Thielen fits nicely with the theme of the players highlighted in this column: His fantasy valuation probably doesn’t include a higher pass rate for his offense. Last season, for example, the Vikings had a 49 percent pass rate when leading. Under O’Connell, they’re more likely to keep their proverbial foot on the proverbial gas.

How To Play It

Thielen should be a solid WR4 for drafters who go with early-round receivers and tight ends. Thielen in the sixth round of 12-team formats could allow a Zero RB manager to draft a dead zone running back like James Conner or Ezekiel Elliott. Even if his ever-falling average depth of target remains relatively low in 2022, Thielen can easily deliver PPR-viable outings in a new-look Vikings offense.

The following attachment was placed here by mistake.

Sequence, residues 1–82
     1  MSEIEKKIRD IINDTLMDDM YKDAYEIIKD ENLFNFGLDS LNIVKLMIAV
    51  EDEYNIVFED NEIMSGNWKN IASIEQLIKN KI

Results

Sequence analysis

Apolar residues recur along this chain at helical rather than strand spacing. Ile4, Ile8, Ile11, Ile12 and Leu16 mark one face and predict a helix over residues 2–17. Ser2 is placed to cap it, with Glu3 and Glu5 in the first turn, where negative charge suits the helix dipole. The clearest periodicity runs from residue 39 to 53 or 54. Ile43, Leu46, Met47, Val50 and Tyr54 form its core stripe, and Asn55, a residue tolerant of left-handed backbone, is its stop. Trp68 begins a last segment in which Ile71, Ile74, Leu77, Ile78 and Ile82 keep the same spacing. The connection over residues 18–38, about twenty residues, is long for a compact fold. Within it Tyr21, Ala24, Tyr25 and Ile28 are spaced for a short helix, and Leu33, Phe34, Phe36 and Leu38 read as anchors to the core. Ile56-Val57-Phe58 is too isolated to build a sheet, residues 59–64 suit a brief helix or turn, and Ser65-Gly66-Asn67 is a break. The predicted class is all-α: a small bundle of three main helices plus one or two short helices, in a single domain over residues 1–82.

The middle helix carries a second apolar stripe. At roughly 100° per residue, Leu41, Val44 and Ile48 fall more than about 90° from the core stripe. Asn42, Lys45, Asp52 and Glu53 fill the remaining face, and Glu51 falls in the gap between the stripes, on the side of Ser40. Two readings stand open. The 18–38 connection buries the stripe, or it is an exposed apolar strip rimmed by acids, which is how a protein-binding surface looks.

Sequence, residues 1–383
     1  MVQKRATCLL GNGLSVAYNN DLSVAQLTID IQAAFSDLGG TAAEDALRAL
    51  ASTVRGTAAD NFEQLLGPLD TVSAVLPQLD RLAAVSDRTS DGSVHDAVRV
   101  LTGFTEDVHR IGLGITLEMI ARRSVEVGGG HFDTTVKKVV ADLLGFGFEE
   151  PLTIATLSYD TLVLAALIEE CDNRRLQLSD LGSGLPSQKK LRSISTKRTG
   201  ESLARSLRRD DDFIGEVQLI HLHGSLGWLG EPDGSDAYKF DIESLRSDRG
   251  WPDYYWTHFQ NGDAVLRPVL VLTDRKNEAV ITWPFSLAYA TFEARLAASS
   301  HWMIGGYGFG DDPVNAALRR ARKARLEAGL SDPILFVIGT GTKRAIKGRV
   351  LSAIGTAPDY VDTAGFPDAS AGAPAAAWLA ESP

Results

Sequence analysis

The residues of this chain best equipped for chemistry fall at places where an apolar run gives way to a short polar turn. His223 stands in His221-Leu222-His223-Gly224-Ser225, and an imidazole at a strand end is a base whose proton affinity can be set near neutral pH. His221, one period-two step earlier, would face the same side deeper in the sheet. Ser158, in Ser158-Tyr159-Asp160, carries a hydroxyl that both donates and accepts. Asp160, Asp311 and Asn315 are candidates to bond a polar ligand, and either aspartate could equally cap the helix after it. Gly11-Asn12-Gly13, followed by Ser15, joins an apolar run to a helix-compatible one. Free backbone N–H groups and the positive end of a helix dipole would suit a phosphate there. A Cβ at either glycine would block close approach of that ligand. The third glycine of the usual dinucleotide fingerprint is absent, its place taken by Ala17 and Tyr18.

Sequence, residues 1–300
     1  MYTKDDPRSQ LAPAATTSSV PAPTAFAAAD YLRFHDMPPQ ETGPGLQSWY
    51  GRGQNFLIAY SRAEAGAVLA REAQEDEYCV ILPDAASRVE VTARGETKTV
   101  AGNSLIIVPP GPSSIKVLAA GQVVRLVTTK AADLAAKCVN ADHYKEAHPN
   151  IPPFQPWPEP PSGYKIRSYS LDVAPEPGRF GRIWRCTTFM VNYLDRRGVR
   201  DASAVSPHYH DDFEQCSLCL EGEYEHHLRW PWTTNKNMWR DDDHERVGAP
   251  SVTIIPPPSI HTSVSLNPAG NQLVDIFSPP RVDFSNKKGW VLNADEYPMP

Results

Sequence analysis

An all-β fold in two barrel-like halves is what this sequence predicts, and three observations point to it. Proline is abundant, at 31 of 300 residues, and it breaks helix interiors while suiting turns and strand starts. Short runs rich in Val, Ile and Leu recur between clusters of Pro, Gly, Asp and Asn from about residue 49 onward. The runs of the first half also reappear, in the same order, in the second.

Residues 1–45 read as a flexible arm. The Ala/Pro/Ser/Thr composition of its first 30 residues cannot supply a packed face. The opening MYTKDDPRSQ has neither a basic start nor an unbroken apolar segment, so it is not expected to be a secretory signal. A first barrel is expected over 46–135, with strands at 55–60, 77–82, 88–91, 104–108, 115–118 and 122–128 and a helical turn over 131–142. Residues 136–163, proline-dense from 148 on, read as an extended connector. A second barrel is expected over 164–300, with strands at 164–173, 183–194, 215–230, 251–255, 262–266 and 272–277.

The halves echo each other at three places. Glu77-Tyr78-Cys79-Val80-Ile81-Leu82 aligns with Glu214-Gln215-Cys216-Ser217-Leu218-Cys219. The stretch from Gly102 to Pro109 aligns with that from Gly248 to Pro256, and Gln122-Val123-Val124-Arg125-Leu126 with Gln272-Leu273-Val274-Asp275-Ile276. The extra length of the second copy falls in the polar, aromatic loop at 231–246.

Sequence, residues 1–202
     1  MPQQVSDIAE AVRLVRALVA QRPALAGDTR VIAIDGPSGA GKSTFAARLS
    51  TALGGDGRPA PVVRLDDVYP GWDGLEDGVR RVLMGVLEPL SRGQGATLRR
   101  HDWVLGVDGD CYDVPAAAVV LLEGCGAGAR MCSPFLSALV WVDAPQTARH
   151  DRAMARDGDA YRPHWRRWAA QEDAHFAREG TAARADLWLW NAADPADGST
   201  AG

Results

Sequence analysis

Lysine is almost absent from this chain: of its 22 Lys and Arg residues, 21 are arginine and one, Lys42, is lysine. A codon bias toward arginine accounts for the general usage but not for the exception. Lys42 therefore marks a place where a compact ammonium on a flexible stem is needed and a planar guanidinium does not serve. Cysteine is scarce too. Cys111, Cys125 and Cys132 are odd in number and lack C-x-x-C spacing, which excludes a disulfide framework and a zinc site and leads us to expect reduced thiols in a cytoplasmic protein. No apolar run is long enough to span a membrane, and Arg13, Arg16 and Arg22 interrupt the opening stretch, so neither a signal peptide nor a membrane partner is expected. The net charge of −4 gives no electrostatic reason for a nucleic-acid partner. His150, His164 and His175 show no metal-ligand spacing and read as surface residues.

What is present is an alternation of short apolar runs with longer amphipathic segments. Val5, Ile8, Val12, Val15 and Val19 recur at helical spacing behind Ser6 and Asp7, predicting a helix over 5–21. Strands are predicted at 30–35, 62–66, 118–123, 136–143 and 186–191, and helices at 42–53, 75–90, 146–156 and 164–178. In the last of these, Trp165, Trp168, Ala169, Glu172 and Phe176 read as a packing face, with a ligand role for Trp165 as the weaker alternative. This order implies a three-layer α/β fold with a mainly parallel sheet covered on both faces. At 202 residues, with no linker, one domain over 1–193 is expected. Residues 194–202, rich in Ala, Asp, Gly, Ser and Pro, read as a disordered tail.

Robust RB drafters can snatch up Thielen in the sixth round of 12-team leagues as their WR2 (with someone like D.J. Moore or Courtland Sutton as their WR1). Taking Thielen as your WR1 -- assuming you used your first five picks on running backs, a tight end, and a quarterback -- is certainly flying too close to the Robust RB sun.